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[flip-flop] /ˈflɪpˌflɒp/
Informal. a sudden or unexpected reversal, as of direction, belief, attitude, or policy.
a backward somersault.
Also called flip-flop circuit. Electronics. an electronic circuit having two stable conditions, each one corresponding to one of two alternative input signals.
any of several similar devices having two alternative states, the change of state being caused by some input signal or by some change of input.
the sound and motion of something flapping, as a wind-blown shutter; a banging to and fro.
any backless, usually open-toed flat shoe or slipper.
a flat, backless rubber sandal, usually secured on the foot by a thong between the first two toes, as for use at a beach, swimming pool, etc.
Compare thong, zori.
(in advertising) a display or presentation, usually on an easel, consisting of a series of pages hinged at the top and flipped over in sequence.
with repeated sounds and motions, as of something flapping.
verb (used without object), flip-flopped, flip-flopping.
Informal. to make a sudden or unexpected reversal, as of direction, belief, attitude, or policy:
The opposition claimed that the president had flip-flopped on certain issues.
to execute a backward somersault.
to flap; bang to and fro:
The door flip-flopped in the high wind.
Also, flip-flap
[flip-flap] /ˈflɪpˌflæp/ (Show IPA),
(for defs 2, 5, 9, 12), flipflop (for defs 6, 7).
Origin of flip-flop
1655-65 Unabridged
Based on the Random House Dictionary, © Random House, Inc. 2015.
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Examples from the Web for flip-flop
Contemporary Examples
Historical Examples
  • The cowboys, gathered in a wide circle about the machine, looked on in anticipation of seeing the auto do a flip-flop.

    The Motor Boys Overland Clarence Young
  • "Nothing," she said, making a flip-flop into the thistles and dancing among them without feeling their sharp points.

    The Lost Princess of Oz L. Frank Baum
  • At first he couldn't stand up on his head at all, just turning over in a sort of flip-flop every time he tried.

    Uncle Wiggily in Wonderland Howard R. Garis
  • Dan broke off and almost retched as his stomach turned a flip-flop to end all flip-flops.

    Shipwreck in the Sky Eando Binder
  • That fellow certainly turned a flip-flop, when he found out who we were.

British Dictionary definitions for flip-flop


a backward handspring
Also called bistable. an electronic device or circuit that can assume either of two stable states by the application of a suitable pulse
(informal, mainly US) a complete change of opinion, policy, etc
a repeated flapping or banging noise
Also called (US, Canadian, Austral, and NZ) thong. a rubber-soled sandal attached to the foot by a thong between the big toe and the next toe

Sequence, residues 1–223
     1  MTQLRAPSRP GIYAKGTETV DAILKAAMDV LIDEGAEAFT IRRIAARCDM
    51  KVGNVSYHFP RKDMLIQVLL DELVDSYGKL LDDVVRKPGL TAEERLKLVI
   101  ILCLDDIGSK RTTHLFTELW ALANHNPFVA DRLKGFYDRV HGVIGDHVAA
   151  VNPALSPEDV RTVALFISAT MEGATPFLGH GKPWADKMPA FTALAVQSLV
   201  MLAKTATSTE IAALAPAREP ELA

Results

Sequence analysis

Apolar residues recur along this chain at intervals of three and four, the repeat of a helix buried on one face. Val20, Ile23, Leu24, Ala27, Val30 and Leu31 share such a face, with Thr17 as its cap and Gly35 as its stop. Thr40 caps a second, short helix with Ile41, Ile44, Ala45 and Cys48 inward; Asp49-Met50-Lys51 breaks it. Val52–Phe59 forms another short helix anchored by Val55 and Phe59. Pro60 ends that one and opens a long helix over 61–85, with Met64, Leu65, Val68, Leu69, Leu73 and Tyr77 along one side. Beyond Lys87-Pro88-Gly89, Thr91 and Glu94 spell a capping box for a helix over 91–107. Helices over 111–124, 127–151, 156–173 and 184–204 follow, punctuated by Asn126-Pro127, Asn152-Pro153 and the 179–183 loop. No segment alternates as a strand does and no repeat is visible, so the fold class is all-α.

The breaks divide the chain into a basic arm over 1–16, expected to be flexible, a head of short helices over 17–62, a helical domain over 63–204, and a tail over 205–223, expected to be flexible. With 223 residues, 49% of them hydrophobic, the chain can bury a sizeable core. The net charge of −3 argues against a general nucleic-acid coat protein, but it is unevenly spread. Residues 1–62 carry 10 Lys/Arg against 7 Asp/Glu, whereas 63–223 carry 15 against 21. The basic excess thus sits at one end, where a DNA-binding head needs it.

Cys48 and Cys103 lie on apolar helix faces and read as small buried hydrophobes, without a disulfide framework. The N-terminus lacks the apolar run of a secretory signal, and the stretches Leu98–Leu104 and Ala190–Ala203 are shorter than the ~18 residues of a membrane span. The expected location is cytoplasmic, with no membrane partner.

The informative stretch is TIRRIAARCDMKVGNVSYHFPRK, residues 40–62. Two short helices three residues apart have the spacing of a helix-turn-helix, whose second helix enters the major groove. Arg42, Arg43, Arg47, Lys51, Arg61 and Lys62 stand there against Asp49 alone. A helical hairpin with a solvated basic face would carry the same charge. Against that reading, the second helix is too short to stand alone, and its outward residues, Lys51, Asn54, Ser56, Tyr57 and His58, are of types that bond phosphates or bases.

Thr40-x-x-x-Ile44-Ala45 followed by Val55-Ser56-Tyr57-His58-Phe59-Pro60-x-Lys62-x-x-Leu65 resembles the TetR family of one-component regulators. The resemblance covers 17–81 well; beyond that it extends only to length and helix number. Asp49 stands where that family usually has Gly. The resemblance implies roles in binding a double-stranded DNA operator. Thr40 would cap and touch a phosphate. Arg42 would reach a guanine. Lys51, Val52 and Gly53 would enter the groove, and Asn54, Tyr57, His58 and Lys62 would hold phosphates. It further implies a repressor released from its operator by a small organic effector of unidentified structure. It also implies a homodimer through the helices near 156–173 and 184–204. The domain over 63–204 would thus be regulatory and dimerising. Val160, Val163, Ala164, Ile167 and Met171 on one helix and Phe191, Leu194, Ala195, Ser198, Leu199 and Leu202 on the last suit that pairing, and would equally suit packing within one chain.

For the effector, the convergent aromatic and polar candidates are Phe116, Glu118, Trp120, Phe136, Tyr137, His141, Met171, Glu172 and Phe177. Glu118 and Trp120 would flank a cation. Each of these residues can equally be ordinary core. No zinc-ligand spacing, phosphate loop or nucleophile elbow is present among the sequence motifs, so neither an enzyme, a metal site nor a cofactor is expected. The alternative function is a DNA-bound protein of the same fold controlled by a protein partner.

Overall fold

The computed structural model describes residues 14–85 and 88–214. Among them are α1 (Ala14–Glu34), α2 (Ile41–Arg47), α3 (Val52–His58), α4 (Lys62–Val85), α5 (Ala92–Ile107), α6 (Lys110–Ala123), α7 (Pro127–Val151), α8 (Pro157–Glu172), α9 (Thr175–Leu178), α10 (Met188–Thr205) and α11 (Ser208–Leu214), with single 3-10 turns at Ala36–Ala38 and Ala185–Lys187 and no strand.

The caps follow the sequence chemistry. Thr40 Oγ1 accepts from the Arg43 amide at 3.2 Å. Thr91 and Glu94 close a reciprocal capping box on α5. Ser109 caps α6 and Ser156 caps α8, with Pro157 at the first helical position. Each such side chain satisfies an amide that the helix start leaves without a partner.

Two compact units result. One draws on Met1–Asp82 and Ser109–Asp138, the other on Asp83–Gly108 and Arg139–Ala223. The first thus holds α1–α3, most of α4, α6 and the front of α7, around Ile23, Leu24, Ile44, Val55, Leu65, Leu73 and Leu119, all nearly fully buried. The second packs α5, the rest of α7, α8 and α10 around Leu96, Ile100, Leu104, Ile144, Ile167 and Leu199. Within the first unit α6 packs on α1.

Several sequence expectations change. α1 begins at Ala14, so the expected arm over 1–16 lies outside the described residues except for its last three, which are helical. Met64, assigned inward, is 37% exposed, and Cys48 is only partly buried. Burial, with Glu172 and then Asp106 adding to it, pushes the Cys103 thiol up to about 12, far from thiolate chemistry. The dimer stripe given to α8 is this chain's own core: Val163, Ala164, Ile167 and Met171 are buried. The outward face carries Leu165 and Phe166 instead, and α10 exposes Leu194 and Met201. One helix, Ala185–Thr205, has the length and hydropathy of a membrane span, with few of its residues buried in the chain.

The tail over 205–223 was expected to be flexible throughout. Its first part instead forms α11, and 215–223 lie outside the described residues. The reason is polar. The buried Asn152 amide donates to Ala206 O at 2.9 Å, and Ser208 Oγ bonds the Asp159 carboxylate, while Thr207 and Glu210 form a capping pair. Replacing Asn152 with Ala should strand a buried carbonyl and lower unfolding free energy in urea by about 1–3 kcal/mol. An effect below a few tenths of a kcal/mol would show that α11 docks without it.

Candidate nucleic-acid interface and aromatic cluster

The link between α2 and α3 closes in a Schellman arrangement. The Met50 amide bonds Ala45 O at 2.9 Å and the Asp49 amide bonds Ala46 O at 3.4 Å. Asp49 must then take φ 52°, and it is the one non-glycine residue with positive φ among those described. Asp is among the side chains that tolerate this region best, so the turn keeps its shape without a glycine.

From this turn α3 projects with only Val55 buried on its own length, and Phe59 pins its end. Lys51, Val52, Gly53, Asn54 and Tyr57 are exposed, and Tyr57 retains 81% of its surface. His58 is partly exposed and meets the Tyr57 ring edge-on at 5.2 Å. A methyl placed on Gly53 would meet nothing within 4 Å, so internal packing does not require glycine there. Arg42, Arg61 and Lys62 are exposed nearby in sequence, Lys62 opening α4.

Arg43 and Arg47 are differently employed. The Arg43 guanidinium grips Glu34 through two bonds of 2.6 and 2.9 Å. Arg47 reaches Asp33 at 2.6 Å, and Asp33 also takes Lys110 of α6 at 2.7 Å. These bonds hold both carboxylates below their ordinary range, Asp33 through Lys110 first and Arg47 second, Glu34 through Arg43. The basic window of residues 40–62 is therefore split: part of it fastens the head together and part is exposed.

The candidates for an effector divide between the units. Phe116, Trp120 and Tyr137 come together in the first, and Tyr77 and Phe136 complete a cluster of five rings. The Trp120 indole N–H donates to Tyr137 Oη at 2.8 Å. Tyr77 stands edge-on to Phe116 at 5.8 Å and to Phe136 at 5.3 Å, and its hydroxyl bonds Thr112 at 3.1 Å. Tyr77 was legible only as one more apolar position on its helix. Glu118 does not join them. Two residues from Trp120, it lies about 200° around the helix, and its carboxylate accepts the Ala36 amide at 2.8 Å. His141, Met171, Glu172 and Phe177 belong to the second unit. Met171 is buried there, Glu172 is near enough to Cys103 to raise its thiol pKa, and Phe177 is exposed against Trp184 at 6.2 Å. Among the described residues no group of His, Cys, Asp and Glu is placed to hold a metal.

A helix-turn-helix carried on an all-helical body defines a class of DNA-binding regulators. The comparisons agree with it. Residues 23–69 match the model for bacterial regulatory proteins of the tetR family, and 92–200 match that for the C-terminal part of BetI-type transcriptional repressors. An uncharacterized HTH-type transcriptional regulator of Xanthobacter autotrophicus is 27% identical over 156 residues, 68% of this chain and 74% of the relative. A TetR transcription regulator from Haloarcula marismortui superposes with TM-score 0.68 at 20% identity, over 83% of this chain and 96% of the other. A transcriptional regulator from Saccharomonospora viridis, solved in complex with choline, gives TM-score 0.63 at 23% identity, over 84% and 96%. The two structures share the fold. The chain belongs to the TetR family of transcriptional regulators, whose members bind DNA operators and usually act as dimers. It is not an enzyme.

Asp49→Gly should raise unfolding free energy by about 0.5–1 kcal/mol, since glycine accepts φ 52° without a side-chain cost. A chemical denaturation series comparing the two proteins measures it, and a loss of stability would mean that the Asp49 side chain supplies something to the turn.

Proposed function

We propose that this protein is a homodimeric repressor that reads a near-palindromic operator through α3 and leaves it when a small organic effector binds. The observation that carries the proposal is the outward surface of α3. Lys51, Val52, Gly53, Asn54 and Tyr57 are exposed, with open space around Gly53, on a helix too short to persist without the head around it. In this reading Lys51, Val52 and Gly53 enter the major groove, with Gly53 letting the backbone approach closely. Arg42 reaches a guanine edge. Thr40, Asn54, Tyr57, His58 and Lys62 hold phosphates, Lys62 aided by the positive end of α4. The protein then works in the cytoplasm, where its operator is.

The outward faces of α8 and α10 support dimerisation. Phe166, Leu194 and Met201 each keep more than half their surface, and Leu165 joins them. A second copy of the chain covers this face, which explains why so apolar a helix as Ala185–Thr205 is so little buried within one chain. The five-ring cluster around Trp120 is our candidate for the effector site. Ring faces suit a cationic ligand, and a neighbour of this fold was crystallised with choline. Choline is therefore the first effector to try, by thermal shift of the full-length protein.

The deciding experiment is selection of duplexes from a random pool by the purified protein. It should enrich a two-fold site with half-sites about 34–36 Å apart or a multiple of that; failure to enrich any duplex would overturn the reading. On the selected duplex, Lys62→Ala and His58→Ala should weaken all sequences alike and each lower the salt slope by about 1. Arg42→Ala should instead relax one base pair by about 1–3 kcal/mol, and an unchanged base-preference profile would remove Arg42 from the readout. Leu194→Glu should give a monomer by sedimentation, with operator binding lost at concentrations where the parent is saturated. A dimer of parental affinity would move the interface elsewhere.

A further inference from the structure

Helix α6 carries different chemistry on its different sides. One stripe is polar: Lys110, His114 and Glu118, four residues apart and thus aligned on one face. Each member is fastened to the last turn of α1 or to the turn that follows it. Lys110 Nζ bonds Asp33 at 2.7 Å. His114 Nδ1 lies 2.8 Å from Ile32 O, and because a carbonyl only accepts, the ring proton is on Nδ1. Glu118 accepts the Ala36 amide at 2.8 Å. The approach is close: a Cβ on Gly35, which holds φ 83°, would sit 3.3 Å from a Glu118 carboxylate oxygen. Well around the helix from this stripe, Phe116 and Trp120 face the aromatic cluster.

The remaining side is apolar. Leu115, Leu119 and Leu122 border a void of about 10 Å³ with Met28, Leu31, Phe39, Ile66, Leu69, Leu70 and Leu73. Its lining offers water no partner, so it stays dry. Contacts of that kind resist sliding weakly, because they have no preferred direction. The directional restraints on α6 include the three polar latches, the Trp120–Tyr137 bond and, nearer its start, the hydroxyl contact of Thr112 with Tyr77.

verb (intransitive) -flops, -flopping, -flopped
(informal, mainly US) to make a complete change of opinion, policy, etc
to move with repeated flaps
with repeated flappings: to go flip-flop
Word Origin
C16: reduplication of flip
Collins English Dictionary - Complete & Unabridged 2012 Digital Edition
© William Collins Sons & Co. Ltd. 1979, 1986 © HarperCollins
Publishers 1998, 2000, 2003, 2005, 2006, 2007, 2009, 2012
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Word Origin and History for flip-flop

also flip flop, "thong sandal," by 1972, imitative of the sound of walking in them (flip-flap had been used in various echoic senses, mostly echoic, since 1520s); sense of "complete reversal of direction" dates from 1900.

Flip-flaps, a peculiar rollicking dance indulged in by costermongers, better described as the double shuffle; originally a kind of somersault. [Hotten's Slang Dictionary, 1864]

Online Etymology Dictionary, © 2010 Douglas Harper
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Slang definitions & phrases for flip-flop



: flip-flop views and reluctance to confront the issues


A complete reversal of direction; about-face •The primary meaning is ''somersault'': Commodities have been doing flip-flops on the price ladder


: So Kennedy's flip-flopped again (1900+)

The Dictionary of American Slang, Fourth Edition by Barbara Ann Kipfer, PhD. and Robert L. Chapman, Ph.D.
Copyright (C) 2007 by HarperCollins Publishers.
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flip-flop in Technology
A digital logic circuit that can be in one of two states which it switches (or "toggles") between under control of its inputs. It can thus be considered as a one bit memory. Three types of flip-flop are common: the SR flip-flop, the JK flip-flop and the D-type flip-flop (or latch).
Early literature refers to the "Eccles-Jordan circuit" and the "Eccles-Jordan binary counter", using two vacuum tubes as the active (amplifying) elements for each bit of information storage. Later implementations using bipolar transistors could operate at up to 20 million state transitions per second as early as 1963.
The Free On-line Dictionary of Computing, © Denis Howe 2010
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